Cold weather doesn’t have to throw your fitness goals off track
Do you love being active but find it difficult during cold weather? You’re not alone.
Winter often disrupts motivation. Gloomy clouds, cold temperatures and the lack of daylight can negatively impact workout routines.
The key to keeping up with your physical activity levels year-round is to address potential obstacles and make small changes that keep you moving until spring arrives. Even if you live somewhere with milder temperatures, winter may bring more rain and shorter days.
There are many reasons to stay active all year and several things you can do to help you stay motivated.
Finding the right exercise partners
When it’s just you, it’s easy to convince yourself to skip your workout session. But you’ll think twice before canceling on your workout buddies. They count on you and you count on them for motivation.
Studies have shown that winter weather can cause moodiness, poor sleep and low energy. Moving your body and increasing blood flow may help address all these things. But getting motivated to do it may be difficult. Share your motivation challenges with your exercise partners. That way, you’ll have their support when it’s tough.
Find people who share similar workout goals. Last winter, I was training for a 50-mile run. I needed running partners who had the same endurance goals. We agreed on specific days of the week to run together, making it easier to stick with 5 a.m. runs when it was dark and cold.
The idea is to get motivated — not distracted — by your group. Your workout sessions can double as your social meet-up, which means you get to exercise and have quality friend time.
Whether your group is online or in-person, it’s important to feel comfortable and safe when you’re training together.
Doing things I enjoy
If you don’t like running or doing high-intensity spin classes, you won’t have consistent motivation through the colder months. Instead, choose something that brings you joy and feels good.
It’s OK to distract yourself during your workout with audiobooks, music or a movie. Entertainment can help you walk on the treadmill or relax during a living room yoga session.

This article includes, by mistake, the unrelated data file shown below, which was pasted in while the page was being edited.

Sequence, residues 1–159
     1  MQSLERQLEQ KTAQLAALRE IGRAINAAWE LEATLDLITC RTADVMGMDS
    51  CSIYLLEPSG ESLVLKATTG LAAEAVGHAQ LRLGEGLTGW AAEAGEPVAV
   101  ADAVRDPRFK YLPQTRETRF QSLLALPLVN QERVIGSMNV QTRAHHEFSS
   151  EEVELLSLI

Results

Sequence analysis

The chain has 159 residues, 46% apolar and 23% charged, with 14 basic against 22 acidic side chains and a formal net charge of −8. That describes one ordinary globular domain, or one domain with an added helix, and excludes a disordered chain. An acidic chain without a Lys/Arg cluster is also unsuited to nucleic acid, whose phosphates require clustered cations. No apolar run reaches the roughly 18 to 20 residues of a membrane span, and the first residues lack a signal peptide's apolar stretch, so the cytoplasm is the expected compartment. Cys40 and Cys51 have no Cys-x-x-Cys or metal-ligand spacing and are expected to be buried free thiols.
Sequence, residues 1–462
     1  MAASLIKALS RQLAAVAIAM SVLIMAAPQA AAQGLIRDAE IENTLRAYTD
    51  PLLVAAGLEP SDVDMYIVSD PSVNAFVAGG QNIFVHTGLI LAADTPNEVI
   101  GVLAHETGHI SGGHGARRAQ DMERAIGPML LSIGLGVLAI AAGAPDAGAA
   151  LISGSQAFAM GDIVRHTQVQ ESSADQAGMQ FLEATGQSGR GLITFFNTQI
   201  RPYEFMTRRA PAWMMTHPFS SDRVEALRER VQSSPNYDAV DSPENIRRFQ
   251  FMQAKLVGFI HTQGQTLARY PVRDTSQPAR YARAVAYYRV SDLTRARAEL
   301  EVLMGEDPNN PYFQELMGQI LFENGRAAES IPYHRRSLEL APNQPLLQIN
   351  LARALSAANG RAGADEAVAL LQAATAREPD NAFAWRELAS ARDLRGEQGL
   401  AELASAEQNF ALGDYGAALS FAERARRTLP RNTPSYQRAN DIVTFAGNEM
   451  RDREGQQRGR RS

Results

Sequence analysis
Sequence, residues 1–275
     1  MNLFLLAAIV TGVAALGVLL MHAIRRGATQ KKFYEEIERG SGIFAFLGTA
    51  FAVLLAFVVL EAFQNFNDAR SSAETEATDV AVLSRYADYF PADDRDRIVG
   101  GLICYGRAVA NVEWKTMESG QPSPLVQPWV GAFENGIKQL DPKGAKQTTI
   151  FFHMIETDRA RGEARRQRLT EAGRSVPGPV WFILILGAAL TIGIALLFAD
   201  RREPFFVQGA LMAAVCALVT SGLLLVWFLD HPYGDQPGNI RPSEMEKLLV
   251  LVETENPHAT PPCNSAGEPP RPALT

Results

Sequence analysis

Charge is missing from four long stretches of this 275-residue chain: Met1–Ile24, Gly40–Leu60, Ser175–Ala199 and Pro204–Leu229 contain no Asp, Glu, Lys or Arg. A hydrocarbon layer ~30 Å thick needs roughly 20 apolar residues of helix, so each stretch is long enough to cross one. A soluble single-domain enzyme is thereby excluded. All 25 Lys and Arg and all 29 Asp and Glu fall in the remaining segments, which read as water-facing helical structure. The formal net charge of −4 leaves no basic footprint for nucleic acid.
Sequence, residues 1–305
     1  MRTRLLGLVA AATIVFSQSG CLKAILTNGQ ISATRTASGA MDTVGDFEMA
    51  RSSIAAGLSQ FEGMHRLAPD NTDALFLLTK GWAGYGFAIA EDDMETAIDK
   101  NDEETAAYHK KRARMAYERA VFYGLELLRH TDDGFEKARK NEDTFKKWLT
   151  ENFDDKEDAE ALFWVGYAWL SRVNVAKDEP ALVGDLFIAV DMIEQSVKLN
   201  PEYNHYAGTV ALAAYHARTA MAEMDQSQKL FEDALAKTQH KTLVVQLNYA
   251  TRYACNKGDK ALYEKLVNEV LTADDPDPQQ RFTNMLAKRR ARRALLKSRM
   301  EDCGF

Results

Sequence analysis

If your workout makes you happy, you’ll look forward to it. It may take some time and experimenting to find what type of exercises you connect with most, but don’t give up. All types of exercise count toward healthy habits.
Trying winter activities
Last winter, my running group ran trails after snowstorms. It was quiet, beautiful and sparked joy in all of us. Spending time outside doing fun activities can help keep you — and your family — motivated and healthy through the cold weather.
Here are some other ideas that can count toward your physical activity goals:
- Go on a scavenger hunt and look for things unique to winter
- Shovel snow for someone
- Ski or snowboard
- Hold a snow sculpture competition
- Swimming indoors or going to an indoor water park
- Find paved pathways around parks
One of the best ways to deal with winter exercise boredom is to try something new. Winter only lasts a few months. Make the most of it.
Setting realistic fitness goals and expectations
Even though exercising outside in the winter can be perfectly safe, some research says cold weather affects performance. It’s important to regulate your body’s core temperature.
Even with proper clothing, your body may have to work harder to create enough heat to keep warm. Workout clothes that insulate and wick away sweat can help maintain proper skin and muscle temperatures.
Take your time warming up. Cold muscles are at greater risk for injury, so start your workout with some dynamic stretching that loosens your joints and increases blood flow.
Be flexible with your fitness routine, especially when bad weather hits. By setting realistic expectations, you won’t get discouraged when the weather slows you down.
Fueling up with balanced meals
How does food impact your motivation? Eating foods that make you feel sluggish can weigh you down in more ways than one.
Consuming a meal rich in carbohydrates and protein two to four hours before a workout can give your body the fuel it needs during exercise. But you’ll want to give your digestive system enough time to start the process to limit any discomfort.
Remember to bring food with you if you’re going to spend more than an hour exercising outside in the cold. Your body fatigues faster without fuel, especially in cold environments. For many people, exercising in the cold isn’t as enjoyable. However, winter exercise has some unique benefits that can keep you healthier.
With proper planning and support, winter cold doesn’t have to put your fitness routines on hold. Take time to figure out what affects your motivation and look for ways to help break down those barriers. It’s easier to be motivated when you have a plan in place.
It works for me. I know it can work for you, too.